Preparing for college is an exciting time for both students and parents. But trying to figure out the best way to pay for that expensive college degree can put a damper on the festivities.
According to The College Board's "Trends in College Pricing(opens in a new tab)," the average cost for one year of tuition, room and board at a 4-year in-state school was $21,370 for the 2018-2019 school year. The same cost for a year at a private nonprofit 4-year school was $48,510.
With costs continuing to rise, you may be wondering how it's possible to pay for your child's education. If you don't have enough money in a savings plan, you'll likely be looking at loans. But what is your level of responsibility?
Helping your kids with their college expenses is generous, but it may put your financial security and retirement at risk. Once you know how much you can afford and your options, you'll be better equipped to provide aid to your student.
Options for parent loans
Parents have three main borrowing options for college—a federal Parent PLUS loan, private loans or a home equity loan. If you decide to take out a loan for your child's college, you'll need to choose between these options.
1. Parent PLUS loan
With a Parent PLUS loan, you can borrow as much as you need, and you'll have a loan with a fixed interest rate and flexible repayment options. However, Parent PLUS loans have the highest interest rate of any federal student loan available. Plus, they come with an origination fee, and you must start paying them back immediately, unlike some other student loans.
2. Private loan
If you can qualify for a low-interest private loan, it may be a better option. The downside is that private loans usually don't have flexible repayment plans, so if you lose your job or run into another financial hardship, you'll still be on the hook.
3. Home equity
A third option is using your home equity for a loan. These are easy to qualify for and have a fixed interest rate. However, the repayment plan isn't flexible, and if you default on the loan, you could lose your house.
Can I afford to take out a loan?
The answer to this question depends on several factors. First, you need to determine how much money you need. Most schools have an online net price calculator that you can use to estimate your out-of-pocket expenses. Focusing on schools that are within your price range will be helpful. If you already have a college savings plan, you'll have more freedom.
Once you've estimated how much money you need, consider whether you're on track for your retirement. You can use a retirement calculator to help. It's important that you don't take money from your retirement plan or slow down your retirement savings to pay for your child's college. If you fall short in retirement, you may end up relying on your kids.
If you don't already have savings and aren't in a comfortable place to retire, taking out a student loan is a bad idea. You'll likely end up going into retirement with debt and having to pay it off on a fixed income. If your kids take out loans instead, they'll have their entire adult lives to pay it back, plus a higher earning potential to do it with.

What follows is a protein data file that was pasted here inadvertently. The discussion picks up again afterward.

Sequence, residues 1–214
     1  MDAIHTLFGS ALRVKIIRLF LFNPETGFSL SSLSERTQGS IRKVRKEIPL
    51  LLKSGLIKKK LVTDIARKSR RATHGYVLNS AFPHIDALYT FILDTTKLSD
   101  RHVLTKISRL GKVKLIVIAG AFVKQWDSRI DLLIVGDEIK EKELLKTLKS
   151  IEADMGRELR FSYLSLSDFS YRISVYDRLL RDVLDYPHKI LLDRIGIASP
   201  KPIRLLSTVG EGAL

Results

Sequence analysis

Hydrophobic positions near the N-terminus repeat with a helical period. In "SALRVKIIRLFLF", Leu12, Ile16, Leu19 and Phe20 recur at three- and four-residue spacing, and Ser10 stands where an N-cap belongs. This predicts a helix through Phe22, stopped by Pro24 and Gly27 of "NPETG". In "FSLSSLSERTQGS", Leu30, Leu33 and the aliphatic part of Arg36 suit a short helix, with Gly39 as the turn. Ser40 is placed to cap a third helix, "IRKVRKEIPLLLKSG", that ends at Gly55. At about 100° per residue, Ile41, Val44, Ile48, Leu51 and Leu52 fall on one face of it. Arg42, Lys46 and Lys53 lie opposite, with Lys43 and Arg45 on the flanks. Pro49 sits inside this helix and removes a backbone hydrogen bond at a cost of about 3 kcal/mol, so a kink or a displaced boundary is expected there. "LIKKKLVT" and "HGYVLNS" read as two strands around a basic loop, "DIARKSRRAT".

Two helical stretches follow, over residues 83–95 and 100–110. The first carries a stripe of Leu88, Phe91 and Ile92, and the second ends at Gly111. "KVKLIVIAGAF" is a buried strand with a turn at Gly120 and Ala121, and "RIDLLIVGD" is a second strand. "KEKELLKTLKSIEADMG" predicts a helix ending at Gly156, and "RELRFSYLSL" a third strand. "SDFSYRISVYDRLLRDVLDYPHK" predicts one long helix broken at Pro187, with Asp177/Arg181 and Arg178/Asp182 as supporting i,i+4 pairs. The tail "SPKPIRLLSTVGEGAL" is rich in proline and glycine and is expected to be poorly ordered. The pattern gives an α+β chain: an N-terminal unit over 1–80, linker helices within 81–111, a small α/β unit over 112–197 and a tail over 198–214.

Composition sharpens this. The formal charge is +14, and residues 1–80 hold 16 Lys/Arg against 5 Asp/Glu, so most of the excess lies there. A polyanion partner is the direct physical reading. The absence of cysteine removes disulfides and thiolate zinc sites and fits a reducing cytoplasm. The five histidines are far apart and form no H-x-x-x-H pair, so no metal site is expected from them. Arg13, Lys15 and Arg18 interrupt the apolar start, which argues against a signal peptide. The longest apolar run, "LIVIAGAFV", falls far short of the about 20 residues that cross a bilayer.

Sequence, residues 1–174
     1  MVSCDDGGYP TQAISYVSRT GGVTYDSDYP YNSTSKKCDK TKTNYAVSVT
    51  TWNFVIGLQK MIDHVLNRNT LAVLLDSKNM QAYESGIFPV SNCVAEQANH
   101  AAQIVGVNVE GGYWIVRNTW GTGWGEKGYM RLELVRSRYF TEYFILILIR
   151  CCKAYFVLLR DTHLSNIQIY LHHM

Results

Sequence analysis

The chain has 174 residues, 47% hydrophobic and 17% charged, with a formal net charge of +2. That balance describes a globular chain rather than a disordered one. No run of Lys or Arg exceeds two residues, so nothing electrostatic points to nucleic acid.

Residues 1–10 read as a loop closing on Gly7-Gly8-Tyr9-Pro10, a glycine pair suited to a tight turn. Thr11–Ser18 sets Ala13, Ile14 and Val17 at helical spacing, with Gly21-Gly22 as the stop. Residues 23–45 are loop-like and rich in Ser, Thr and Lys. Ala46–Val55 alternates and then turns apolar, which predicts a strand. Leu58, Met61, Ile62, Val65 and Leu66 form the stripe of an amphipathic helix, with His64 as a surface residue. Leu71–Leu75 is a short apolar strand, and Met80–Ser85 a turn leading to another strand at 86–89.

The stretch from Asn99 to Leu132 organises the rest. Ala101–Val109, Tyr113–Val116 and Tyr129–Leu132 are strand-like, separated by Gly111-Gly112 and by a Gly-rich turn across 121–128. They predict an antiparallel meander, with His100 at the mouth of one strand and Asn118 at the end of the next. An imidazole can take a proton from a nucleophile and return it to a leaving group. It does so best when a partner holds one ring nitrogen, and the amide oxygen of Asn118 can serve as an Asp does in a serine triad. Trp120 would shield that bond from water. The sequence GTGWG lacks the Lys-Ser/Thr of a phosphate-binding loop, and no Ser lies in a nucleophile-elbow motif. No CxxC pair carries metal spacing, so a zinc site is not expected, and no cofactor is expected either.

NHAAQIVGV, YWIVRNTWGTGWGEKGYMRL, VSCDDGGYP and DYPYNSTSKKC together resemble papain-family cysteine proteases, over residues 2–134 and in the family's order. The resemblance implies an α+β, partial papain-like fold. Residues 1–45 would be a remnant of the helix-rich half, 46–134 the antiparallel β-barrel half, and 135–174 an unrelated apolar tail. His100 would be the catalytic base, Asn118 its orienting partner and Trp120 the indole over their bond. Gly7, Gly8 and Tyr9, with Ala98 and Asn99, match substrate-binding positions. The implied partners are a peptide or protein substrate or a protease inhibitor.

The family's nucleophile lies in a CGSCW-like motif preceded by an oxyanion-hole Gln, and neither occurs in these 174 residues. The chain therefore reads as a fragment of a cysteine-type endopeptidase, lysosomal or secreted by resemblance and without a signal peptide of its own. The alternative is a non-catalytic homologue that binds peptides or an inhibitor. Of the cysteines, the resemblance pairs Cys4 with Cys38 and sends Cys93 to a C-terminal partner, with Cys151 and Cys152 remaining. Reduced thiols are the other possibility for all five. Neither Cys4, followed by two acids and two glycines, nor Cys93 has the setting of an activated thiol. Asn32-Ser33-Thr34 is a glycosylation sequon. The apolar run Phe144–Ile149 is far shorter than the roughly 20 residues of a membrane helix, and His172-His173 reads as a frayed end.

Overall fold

Alternative ways to help your kids
So what can you do if you've decided to not take out a loan for your child's education? While it's not your responsibility to take on college debt, you should help your kids navigate applying for loans and make good financial decisions. This process can start while they're teenagers and continue into adulthood.
In high school
While your children are still in high school, help them make a plan to graduate debt-free. One idea is to sign up for AP or IB classes or to dual enroll at a local community college to knock out some college credits before college even starts. Every high school offers different options.
You'll also want to meet with the school guidance counselor, who can tell you more about scholarships, grants and financial aid and help your child fill out the Free Application for Federal Student Aid(opens in a new tab).
Applying for student loans
Once your child has maximized these options, begin looking at student loans. Start with a federal student loan, which will have a fixed interest rate and flexible payment options. The terms will usually be better than the Parent PLUS loan. If your child qualifies for a subsidized loan, this is especially helpful since the government will pay interest on the loan until the student has graduated.
Most federal loans have borrowing limits, and if you find that your child still needs more, look into private loans. Keep in mind that loans should ideally take only 10 percent of your income, so if your student is applying for the loan, they should estimate predicted income upon graduation. Private loans should be your child's last resort because many private loans have adjustable interest rates and don't offer flexible payment options such as deferment.
Once your kids start college, encourage them to start a part-time job. This will provide some income to start paying student loans. Also, if you haven't already, teach your kid how to make a budget. This will help them plan for spending, saving and paying their loans and will set them up for good financial decisions in the future.
Once your kids graduate college, help them review the repayment terms of their loans. Talk about income-driven repayment plans and explain options for pausing payments on federal loans if necessary. Also help them understand whether they will qualify for loan forgiveness and how to apply for it.
Teaching money management skills
It's important that you don't sacrifice your retirement for the sake of your children's education. Otherwise, your children may end up having to support you, and you won't have done them any favors. Instead, teach your kids how to manage money so that, even if they do have student loans, they'll be financially responsible and able to pay them off.
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